The Caribbean Flamingo (Phoenicopterus ruber) is the most vibrantly colored of all flamingos, and the only species truly native to North America. Like all flamingos, this species gains it coloration from the existence of carotenoid pigments within the algae and tiny crustaceans that they ate. In captivity, flamingos exist on a special pellet diet that not only provides them with their required nutrients, but also gives them the pigmentation needed to maintain their snazzy colors.
In order to get at their food, flamingos feed with their heads upside down. They use their tongues to suck in water and everything that comes with it, and then using filters built in to the ridges of their beaks they are able to dispel the excess water.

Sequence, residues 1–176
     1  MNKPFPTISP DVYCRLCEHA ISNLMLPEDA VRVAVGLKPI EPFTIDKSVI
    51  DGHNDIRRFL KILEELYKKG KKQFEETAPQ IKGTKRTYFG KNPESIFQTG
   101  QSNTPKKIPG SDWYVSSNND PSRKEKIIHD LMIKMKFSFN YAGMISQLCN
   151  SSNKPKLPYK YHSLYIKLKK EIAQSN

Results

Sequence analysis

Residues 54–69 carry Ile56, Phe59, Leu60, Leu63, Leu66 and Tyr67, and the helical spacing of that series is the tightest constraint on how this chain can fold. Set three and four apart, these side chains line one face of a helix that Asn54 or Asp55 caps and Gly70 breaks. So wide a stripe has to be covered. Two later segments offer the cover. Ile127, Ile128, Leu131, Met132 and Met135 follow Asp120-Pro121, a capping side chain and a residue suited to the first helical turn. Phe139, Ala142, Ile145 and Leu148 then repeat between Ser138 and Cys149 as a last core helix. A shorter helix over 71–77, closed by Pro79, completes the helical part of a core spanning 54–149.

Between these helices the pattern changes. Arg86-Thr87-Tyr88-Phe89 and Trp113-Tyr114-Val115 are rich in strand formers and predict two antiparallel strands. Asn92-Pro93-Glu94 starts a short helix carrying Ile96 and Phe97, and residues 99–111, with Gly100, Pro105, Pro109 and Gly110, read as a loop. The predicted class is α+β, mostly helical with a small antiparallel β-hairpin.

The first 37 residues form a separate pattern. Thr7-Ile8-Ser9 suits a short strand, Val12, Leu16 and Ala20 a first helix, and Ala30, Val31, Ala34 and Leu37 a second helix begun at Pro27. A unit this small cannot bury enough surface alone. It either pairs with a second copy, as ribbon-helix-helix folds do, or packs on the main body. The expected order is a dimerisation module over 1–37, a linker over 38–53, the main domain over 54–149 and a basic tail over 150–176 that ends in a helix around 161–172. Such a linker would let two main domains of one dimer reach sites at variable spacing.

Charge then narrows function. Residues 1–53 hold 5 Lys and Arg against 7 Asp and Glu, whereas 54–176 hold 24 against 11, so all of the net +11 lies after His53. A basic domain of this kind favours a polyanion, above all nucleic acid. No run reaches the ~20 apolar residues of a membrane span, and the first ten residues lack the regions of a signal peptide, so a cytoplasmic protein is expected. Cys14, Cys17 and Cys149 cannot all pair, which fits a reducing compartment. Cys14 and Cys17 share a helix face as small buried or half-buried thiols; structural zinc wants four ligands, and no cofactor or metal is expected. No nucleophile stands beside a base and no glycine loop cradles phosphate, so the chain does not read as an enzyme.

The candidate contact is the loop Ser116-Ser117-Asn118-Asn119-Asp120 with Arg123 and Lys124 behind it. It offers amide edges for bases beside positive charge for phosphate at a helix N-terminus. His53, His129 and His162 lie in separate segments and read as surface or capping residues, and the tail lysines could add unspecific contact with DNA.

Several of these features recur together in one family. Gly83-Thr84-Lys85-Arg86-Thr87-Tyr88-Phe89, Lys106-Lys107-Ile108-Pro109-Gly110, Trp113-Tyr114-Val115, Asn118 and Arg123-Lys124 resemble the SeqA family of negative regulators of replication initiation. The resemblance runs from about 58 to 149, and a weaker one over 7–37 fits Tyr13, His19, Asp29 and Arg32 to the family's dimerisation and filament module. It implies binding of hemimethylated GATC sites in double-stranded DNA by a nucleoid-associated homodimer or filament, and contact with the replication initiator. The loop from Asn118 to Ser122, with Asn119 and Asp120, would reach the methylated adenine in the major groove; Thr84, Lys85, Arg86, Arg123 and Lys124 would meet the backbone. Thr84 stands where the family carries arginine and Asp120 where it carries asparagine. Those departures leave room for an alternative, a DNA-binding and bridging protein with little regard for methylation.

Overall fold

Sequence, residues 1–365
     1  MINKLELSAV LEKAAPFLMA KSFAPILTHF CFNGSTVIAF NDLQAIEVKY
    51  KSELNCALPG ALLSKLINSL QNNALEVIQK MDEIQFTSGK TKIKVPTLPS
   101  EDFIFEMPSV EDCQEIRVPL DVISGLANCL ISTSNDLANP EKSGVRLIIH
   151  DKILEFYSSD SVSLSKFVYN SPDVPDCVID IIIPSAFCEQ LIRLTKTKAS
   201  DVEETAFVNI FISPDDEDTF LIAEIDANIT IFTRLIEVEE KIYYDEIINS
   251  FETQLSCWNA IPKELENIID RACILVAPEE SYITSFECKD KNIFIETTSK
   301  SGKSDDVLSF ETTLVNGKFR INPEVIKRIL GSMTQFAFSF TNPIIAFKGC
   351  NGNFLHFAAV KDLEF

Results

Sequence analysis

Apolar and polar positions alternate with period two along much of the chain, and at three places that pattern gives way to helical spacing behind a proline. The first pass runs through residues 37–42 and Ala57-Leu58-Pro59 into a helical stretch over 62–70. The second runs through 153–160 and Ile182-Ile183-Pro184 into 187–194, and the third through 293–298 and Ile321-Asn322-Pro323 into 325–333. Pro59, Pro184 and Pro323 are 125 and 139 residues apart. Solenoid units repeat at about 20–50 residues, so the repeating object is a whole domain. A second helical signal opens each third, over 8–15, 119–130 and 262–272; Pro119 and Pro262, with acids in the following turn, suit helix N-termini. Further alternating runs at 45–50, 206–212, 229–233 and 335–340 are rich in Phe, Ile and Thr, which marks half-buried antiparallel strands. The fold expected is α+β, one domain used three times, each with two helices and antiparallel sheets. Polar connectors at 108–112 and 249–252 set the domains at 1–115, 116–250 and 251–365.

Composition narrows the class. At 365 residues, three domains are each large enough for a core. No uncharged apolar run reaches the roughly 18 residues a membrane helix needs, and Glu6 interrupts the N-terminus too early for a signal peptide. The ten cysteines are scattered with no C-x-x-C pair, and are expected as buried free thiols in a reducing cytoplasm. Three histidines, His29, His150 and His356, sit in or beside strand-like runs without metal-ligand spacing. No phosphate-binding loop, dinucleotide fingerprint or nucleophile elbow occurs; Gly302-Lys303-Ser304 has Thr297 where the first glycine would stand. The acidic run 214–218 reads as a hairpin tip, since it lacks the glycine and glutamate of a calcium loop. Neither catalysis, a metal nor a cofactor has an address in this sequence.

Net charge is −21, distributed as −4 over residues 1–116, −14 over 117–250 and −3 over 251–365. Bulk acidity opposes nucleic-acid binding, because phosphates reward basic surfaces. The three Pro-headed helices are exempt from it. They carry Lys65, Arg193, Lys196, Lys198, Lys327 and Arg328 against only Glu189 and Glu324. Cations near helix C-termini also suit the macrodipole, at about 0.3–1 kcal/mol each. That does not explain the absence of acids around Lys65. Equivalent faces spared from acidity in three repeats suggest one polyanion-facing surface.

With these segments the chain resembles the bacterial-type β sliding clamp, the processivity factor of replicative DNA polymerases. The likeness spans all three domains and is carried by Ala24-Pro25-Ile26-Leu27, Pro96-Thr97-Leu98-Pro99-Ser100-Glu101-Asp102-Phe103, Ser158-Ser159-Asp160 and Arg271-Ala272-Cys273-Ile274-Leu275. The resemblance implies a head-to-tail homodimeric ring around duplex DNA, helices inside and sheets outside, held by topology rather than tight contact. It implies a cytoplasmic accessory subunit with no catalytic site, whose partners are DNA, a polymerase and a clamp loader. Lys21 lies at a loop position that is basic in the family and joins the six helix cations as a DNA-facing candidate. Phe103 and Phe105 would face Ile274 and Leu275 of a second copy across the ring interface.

Like many animals that I have discussed here, there is some argument surrounding the classification of the Caribbean Flamingo. Some consider it to be its own species, (though it is sometimes called the American Flamingo, due to the fact that it lives in the Galapagos Islands - well away from the Caribbean) while others consider it to be a subspecies of the Greater Flamingo. Those in the subspecies camp have given it the full name of Phoenicopterus ruber ruber.
|Flamingos at the Milwaukee County Zoo|